Editor’s note: Professor Liu Baocheng is the Dean of the Center for International Business Ethics (CIBE) at the University of International Business and Economics. The article reflects the opinion of the author, and not necessarily the views of CGTN.

The smoke of a trade battle between the world’s two biggest economies lingers in the air, even though a year has passed since the change of power in the White House. China was recently awarded, by the arbitration body of the World Trade Organization (WTO), an annual right of retaliation against 645 million dollars of American exports on the basis of unfair countervailing duties of States States on Chinese products. The United States, however, called it “deeply disappointing” and said it reinforced the need for reform of WTO rules.

Yes, virtually all members have called for reform of the WTO, but with differing agendas and expectations. In the current circumstances, it is crucial that this mighty global trading system stays on the course of justice and efficiency, not capitulating to any hegemonic manipulation.

Strenuous efforts were made during the Uruguay Round of the Doha Agenda to exploit binding tariff reduction commitments among the 164 members of the WTO, which account for 98% of the value of world trade.

According to the rules and procedures of the WTO governing the settlement of disputes, if a member state does not comply with its agreement and no satisfactory compensation has been agreed between the parties to the dispute, it is entitled to request the authorization to the Dispute Settlement Body (DSB) to suspend the application to the member concerned of concessions or other obligations under the covered agreements.

The WTO provides sufficient time and opportunity for the accused to reconcile, correct, indemnify or refute the claim, and further states that “recourse to dispute settlement procedures shall not be construed or viewed as contentious acts and that, if a dispute arises, all Members will engage in such proceedings in good faith in an effort to resolve the dispute.”

Nonetheless, the Office of the United States Trade Representative (USTR) immediately responded with disappointment and accusation, saying the decision “reflects erroneous interpretations by the Appellate Body that undermine the ability of WTO members to defend our workers and our businesses against trade-distorting Chinese subsidies”.

Such an ad hominem attack on a global institution acting for the empowerment of all equal member states on the basis of an international collective agreement is a typical cognitive distraction, as if the WTO were a sub-agency of the American bureaucracy based in Geneva with the sole mission of serving the American national interest.

Ironically, in remarks at the Center for Strategic and International Studies (CSIS) in October 2021, USTR chief Katherine Tai, hand-picked by the Biden administration, boasted of such a triumph over China at the WTO: “We have brought 27 cases against China, including some that I myself have argued, and through collaboration with our allies. We have had victories in every case that has been decided. But that barred her from participating in the production of the 174-page World Trade Organization Appellate Body report, which accused the Appellate Body of engaging in ultra vires actions and obiter dictated. For a long time, the Appellate Body of the WTO has disappeared since the Trump administration refused to appoint new members.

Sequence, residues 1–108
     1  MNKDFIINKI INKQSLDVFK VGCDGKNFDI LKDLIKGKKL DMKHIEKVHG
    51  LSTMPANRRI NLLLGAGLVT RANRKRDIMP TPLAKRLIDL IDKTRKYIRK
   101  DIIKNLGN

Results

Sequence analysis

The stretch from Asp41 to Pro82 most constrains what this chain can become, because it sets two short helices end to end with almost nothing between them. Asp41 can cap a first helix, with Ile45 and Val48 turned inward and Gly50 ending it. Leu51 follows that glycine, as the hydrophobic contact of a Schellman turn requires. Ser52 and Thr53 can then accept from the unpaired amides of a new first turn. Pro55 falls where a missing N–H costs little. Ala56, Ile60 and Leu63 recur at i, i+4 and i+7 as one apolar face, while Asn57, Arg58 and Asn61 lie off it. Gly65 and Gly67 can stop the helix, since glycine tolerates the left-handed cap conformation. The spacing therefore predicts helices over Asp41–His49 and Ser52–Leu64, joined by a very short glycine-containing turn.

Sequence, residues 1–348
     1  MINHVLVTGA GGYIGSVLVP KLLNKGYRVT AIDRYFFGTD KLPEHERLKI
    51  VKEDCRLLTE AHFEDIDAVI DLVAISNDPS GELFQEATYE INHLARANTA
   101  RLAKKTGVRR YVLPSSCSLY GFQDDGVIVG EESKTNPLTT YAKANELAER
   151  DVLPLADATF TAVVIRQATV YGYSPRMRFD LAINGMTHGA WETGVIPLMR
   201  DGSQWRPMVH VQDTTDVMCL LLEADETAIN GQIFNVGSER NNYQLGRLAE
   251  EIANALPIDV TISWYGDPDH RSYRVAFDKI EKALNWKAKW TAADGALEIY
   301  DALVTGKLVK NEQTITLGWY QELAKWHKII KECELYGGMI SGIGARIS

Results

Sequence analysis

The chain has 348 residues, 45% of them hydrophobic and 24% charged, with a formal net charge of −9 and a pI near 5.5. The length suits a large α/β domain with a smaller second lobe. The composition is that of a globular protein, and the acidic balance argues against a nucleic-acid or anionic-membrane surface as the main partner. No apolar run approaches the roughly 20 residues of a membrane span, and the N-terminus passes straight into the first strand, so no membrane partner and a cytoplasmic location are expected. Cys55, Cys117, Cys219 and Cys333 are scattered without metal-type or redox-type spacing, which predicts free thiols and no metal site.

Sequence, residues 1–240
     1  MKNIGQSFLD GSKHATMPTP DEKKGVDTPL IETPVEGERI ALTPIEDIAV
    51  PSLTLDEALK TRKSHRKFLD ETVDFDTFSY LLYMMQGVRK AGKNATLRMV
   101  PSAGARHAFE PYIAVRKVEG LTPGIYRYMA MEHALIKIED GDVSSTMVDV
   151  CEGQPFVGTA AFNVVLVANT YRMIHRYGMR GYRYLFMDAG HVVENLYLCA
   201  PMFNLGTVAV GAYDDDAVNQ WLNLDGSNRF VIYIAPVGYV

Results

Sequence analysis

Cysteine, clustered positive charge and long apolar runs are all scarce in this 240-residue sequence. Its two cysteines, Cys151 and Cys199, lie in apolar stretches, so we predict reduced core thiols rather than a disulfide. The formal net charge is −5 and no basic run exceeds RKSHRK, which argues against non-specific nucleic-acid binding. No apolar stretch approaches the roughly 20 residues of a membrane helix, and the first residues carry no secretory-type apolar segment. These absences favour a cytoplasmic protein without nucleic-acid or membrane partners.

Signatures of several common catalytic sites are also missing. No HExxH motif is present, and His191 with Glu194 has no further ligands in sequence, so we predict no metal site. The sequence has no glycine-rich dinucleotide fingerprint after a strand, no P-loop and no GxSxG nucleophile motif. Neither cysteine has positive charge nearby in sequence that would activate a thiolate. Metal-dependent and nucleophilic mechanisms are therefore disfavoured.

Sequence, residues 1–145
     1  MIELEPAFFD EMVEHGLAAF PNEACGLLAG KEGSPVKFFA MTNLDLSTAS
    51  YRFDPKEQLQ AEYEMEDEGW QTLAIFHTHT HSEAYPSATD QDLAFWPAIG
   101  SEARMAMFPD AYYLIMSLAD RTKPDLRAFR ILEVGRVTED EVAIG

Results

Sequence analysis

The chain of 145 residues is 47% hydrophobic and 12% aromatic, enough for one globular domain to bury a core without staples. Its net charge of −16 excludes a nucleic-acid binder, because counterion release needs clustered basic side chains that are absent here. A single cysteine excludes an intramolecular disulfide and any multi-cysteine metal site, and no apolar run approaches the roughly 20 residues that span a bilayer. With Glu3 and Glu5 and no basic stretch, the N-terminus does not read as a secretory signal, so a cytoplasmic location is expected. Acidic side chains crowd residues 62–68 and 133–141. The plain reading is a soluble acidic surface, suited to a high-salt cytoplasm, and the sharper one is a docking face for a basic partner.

A tariff is simply a duty levied by a sovereign on foreign imports. However, when a government claims that its objective is to offer a shield to national industry, it is widely denounced as an instrument of trade protectionism in a globalized world. It is a proven rationale that free trade drives efficiency and prosperity for all participants through the division of labor and the optimal use of all economic resources. This is why all proponents of free trade aim for the reduction and removal of all obstacles to the free flow of resources across national borders, among which a tariff is the most salient.

Harsh tariffs provoke retaliation from exporting countries. The Smoot-Hawley Tariff Act 1930 signed by President Herbert Hoover raised U.S. tariffs on more than 20,000 imported goods, but only served to hasten the Depression due to retaliation launched by its trading partners.

The world is becoming more resilient thanks to the globalized trading system based on the economic logic of comparative advantage. Chinese exports jumped 29.9% in 2021, hitting an all-time high of $3.36 trillion. Exports to the United States remain stubbornly high at 27.5%, even though punitive tariffs on $350 billion worth of Chinese goods have yet to be lifted.

Tariffs are an additional cost of doing business that is shared by all participants throughout the supply chain. Ultimately, it is the end consumers who are there to bear all the burden. The sole beneficiary is the US federal government, which is able to replenish its empty coffers and those warmongering politicians who are intent on rallying nationalism against an enemy at the expense of their own constituents.